May 2013 O.Henry

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Great American Beauties The kit home was a true innovation, the path for millions to home ownership. Today, across the Gate City, they are hidden treasures By Jim Schlosser • Photographs by Cassie Butler

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t all came together for Todd McCain during a party at his house at 318 West Bessemer Avenue. A guest happened to mention that his sister lived in a house in Chapel Hill almost exactly like McCain’s and that it was a “kit” house — meaning it was shipped in pieces by rail and assembled by the numbers. Earlier, McCain had heard that a house exactly like his stood in Danville, Virginia. It turns out that all three houses are “Brentwoods” — two-story kit houses mail-ordered from the 1917—19 catalogue of the Aladdin Corporation of Bay City, Michigan. But forget any images you might have of modular or prefab homes. The Brentwood is an Arts & Craft style house fit for any upscale neighborhood in any American city. The catalogue depicts stunning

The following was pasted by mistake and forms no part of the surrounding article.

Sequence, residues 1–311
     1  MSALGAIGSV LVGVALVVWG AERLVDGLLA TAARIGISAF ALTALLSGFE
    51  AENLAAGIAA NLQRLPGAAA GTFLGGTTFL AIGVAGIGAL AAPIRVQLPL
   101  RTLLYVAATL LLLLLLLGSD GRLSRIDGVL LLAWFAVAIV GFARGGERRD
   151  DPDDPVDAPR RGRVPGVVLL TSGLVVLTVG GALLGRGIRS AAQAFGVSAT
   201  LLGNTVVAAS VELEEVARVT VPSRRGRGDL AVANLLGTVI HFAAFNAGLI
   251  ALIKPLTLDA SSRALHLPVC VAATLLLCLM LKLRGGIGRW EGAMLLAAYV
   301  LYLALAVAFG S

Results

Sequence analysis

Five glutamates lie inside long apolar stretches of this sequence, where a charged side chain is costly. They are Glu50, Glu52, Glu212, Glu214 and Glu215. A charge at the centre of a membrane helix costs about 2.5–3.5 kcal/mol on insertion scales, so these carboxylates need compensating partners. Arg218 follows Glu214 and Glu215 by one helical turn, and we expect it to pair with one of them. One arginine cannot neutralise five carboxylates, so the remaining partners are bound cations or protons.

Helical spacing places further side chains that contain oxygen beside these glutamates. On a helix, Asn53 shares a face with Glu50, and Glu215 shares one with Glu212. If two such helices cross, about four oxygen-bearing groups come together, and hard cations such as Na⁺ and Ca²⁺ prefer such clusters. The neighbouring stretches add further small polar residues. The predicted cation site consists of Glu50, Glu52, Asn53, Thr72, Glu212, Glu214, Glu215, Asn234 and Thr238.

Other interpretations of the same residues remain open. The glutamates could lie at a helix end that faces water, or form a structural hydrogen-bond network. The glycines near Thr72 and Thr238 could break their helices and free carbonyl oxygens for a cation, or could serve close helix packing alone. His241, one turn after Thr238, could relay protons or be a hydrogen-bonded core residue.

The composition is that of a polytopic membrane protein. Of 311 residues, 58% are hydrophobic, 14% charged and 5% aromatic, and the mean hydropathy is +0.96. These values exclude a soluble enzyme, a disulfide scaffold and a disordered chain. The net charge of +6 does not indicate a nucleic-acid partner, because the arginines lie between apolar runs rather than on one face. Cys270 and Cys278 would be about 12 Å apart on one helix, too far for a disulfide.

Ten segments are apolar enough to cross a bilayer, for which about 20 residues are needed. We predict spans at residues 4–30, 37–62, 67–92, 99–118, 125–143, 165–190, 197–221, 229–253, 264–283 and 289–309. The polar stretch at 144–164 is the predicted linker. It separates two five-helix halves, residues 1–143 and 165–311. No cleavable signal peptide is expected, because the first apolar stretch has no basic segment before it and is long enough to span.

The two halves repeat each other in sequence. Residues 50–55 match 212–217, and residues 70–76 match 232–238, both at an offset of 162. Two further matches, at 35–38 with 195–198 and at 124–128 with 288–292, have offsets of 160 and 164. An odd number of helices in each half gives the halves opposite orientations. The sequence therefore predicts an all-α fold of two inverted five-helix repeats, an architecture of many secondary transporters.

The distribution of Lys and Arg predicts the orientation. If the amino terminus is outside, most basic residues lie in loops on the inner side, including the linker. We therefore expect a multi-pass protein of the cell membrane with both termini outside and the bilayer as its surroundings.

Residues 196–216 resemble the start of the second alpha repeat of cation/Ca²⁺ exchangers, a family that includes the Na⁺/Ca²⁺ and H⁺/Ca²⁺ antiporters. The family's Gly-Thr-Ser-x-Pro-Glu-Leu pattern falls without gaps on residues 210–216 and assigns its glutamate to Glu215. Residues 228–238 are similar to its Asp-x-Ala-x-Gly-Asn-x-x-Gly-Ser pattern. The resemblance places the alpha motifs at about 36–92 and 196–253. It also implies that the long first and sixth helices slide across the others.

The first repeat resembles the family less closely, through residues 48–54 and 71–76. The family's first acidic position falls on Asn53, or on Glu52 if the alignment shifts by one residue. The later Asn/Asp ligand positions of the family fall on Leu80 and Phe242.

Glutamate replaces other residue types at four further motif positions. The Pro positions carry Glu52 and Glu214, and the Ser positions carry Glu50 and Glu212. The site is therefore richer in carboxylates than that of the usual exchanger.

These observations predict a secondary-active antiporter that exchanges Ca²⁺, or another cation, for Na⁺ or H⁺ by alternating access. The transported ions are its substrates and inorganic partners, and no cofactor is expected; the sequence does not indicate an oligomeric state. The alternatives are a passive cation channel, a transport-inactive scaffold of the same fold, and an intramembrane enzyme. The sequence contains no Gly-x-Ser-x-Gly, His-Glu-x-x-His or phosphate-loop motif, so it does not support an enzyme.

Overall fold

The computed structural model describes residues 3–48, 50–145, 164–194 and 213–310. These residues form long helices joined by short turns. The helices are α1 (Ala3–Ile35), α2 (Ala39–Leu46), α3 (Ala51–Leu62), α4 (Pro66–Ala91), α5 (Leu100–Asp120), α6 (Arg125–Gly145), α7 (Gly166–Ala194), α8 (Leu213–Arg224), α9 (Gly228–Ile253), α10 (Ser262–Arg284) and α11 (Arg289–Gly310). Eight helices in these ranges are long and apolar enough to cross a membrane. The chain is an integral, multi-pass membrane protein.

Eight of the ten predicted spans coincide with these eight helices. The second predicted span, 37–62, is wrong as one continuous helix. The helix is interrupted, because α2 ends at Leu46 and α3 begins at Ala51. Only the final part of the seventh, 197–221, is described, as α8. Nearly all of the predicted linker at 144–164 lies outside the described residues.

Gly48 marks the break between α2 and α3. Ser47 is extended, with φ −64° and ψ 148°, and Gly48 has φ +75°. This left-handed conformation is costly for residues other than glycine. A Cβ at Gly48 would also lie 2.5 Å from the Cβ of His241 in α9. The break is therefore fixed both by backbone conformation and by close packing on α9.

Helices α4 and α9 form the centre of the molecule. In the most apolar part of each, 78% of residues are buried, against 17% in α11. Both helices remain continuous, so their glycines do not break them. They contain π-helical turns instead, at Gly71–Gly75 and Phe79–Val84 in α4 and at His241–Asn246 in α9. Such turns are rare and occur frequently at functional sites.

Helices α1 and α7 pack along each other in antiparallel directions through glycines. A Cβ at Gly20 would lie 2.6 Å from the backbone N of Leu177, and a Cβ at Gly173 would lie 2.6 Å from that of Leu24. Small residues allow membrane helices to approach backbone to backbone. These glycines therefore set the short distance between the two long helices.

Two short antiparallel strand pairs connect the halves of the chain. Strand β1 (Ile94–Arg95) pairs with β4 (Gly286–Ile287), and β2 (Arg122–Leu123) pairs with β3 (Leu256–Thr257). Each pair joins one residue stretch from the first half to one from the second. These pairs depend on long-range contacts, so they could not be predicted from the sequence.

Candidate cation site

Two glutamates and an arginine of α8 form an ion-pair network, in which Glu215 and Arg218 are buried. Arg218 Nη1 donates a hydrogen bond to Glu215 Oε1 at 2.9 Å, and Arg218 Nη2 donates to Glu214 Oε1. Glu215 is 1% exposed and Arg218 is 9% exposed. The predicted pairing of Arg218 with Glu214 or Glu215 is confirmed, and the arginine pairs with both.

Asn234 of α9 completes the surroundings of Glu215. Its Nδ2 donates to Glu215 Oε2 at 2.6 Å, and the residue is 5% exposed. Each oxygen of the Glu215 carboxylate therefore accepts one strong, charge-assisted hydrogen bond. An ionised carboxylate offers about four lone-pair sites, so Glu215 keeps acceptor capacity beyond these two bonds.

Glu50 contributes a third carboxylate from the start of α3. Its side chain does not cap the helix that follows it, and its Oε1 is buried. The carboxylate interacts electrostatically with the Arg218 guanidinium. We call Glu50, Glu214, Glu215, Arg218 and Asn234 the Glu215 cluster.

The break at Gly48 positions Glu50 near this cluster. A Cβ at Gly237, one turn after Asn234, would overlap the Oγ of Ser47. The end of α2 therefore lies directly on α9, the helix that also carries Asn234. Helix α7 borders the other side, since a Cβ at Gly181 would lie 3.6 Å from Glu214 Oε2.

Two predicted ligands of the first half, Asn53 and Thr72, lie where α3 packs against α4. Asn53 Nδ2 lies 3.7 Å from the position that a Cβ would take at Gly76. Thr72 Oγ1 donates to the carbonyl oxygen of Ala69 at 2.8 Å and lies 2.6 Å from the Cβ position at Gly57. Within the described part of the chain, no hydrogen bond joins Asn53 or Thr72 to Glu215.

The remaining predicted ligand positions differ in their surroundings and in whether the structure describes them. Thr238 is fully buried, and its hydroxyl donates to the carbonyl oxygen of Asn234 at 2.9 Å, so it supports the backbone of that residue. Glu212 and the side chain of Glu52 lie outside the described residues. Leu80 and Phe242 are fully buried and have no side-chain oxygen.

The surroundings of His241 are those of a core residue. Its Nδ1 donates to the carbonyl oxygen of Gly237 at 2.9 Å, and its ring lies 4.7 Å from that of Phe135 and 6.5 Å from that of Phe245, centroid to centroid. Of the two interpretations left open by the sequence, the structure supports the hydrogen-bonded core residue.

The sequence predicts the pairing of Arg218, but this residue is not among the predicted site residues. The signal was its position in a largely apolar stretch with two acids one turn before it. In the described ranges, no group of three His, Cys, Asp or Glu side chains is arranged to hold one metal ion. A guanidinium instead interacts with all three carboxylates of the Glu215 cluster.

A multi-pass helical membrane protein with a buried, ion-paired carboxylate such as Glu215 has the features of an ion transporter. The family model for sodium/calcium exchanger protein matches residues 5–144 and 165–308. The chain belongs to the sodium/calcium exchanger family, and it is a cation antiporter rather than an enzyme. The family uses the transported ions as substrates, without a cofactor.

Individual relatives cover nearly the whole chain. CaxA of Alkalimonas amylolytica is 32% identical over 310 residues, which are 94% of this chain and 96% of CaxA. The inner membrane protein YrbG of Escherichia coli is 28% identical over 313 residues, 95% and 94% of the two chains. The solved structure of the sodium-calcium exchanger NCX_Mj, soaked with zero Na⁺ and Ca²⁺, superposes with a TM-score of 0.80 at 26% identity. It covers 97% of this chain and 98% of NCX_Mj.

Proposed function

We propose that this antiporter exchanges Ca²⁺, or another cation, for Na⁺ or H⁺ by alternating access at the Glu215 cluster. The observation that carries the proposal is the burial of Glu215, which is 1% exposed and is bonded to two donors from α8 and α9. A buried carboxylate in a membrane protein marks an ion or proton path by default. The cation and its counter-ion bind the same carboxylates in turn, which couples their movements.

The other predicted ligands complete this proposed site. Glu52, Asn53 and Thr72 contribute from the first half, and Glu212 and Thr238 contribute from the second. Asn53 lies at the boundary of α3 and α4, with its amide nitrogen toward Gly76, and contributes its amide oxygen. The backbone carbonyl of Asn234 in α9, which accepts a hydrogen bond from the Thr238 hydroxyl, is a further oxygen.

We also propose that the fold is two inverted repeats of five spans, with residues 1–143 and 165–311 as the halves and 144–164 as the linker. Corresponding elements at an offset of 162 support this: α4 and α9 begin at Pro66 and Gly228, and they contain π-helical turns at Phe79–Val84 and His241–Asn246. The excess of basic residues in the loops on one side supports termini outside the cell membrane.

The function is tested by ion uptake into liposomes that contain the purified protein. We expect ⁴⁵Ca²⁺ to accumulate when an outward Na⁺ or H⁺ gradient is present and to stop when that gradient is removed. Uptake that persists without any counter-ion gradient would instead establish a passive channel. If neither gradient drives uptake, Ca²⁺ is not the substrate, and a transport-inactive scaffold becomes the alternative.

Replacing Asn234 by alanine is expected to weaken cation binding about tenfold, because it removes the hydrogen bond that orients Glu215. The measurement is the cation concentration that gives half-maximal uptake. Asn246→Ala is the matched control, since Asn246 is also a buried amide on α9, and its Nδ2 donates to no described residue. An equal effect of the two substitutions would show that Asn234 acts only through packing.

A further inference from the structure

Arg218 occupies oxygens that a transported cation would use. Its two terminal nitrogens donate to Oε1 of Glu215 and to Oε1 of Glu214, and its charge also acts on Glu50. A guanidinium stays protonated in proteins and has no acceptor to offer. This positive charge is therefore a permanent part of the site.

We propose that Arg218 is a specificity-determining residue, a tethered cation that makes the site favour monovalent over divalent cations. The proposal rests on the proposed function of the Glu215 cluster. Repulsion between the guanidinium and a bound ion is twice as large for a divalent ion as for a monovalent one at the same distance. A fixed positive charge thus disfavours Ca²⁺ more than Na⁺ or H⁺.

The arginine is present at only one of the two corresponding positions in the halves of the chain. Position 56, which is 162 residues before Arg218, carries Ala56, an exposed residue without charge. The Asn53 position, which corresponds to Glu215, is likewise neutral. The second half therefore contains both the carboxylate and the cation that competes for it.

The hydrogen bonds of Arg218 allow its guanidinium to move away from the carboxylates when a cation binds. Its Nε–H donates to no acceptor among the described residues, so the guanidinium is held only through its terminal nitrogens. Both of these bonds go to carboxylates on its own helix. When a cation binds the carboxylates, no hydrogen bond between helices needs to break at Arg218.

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pictures of how the Brentwood and other Aladdin models look, with roomby-room diagrams. The mail-order homes in the Aladdin catalogue tend to look cozy with gables, turrets, eaves, dormers and other fancy architectural touches. One model, the Lamberton, looks like a house Hansel and Gretel might have occupied. McCain’s home even features a porte-cochère, a fancy term for a porch-like structure attached to the house. Cars and, once upon a time, carriages, stopped under porte-cochères to let out people. Aladdin and other kit builders, including Sears Roebuck and Montgomery Ward, sent by rail the entire house, including plaster for the walls, roofing, flooring, nails, paint and clapboard for the exterior or cedar shingles. The buyer supplied the land and foundations. The lumber was pre-cut and The Art & Soul of Greensboro